On Windows (for which I obviously write) there are plenty of shortcuts that are standardized and have the same behaviour not only in MS Office but most applications as well. In the unlikely case that you never use key combinations, here are some of them that you must memorize:[CTRL] + [A] — Select all.[CTRL] + [Z] — Undo.[CTRL] + [X] — Redo.[CTRL] + [S] — Save file. Use it regularly and make habit of it.[CTRL] + [W] — Close workbook.[CTRL] + [C] — Copy cell/range. (I really wonder if there is someone who doesn’t know this one?)[CTRL] + [V] — Paste. I have become so accustomed to using [CTRL] + [Alt] + [V] that I don’t use this one anymore.[CTRL] + [F] — Find.[CTRL] + [H] — Replace. I recently saw a seasoned manager having the replace command as a shortcut on the Quick Access Toolbar so maybe this is not as popular as I expect it to be.
Do you need more?
There are hundreds more useful shortcuts that can save time. Check:
- Microsoft’s own Keyboard shortcuts in Excel.
- Chandoo’s Comprehensive List of Excel Keyboard Shortcuts (the author being one of my favourite bloggers).
- Or that list with 333 combinations that is the longest I have came across.
Do you need to know them all? No.
Do you need to know all of them that are useful to you? Also no. In fact, every time I skim through such a list, I find at least several combos that I can use daily. However, start with a handful of them and push it as far as you can while taking your time.
Bonus round: Consider removing keys from your keyboard
One of the things I do that puzzles other people is removing some keys from my keyboard. This turned out to be one of the most useful tips that I read a billion years ago when I was starting to use Excel as part of my job.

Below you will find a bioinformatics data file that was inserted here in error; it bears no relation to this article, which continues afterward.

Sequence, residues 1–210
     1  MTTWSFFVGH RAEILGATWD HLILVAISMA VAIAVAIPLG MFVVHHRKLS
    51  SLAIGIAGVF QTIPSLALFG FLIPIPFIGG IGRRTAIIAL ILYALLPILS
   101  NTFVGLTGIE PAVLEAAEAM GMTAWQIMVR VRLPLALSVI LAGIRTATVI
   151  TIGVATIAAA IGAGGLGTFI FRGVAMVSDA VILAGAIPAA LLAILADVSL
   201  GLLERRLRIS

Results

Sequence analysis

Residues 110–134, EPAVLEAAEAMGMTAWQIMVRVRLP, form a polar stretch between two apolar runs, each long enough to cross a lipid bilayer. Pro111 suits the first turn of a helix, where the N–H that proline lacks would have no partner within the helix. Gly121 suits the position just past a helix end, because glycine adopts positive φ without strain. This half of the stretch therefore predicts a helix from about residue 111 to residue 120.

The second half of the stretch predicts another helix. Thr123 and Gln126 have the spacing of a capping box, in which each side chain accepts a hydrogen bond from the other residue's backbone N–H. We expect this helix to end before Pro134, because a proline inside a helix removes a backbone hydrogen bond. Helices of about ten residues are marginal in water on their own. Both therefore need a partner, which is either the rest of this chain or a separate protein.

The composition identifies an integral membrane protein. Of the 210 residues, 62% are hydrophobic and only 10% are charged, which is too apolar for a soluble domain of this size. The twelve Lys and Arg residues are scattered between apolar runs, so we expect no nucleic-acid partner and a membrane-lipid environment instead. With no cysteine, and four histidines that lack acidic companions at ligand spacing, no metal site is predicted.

The reason for this is obvious — regardless of how often you use shortcuts, chances are you are not always going to hit them correctly. Popping-out a key not only completely removes the chance of pressing it but can serve as a guide for your fingers as well.
The keys I opt to remove
I am usually popping-out the following buttons:
- [F1] — This button is the worst. It sits right next to the constantly employed [F2] and summons (very slowly) Excel’s help. Don’t allow such disturbance in your concentration. Furthermore, if [F2] becomes the left-most F‑key, finding it when not looking in the keyboard is much easier even if you have significant experience.
- [Insert] — The key activates the overtype mode in which the text you enter goes over the existing characters instead of pushing them forward. I can see some use cases but given that in Excel a great portion of the time is spent editing formulas, this button is more likely to cause inconvenience.
- [Scroll Lock] — If you press it, the arrow keys will no longer change the selected cell. Instead, the entire sheet will move in the direction you pressed (with no change in the selection). I consider this annoying.
- [Caps Lock] — I wouldn’t go as far as advocating complete [Caps Lock] abolition but when it comes to Excel (and my office life altogether) I don’t see any benefit of having it. Extracting it also makes hitting [Shift] more certain.
Due to purely mechanical reasons removing keys does not apply to my laptop. However, I try hard to work in Excel on a desktop where more real estate is available for both keyboard and screen — a setup in which tunning your mechanics is possible.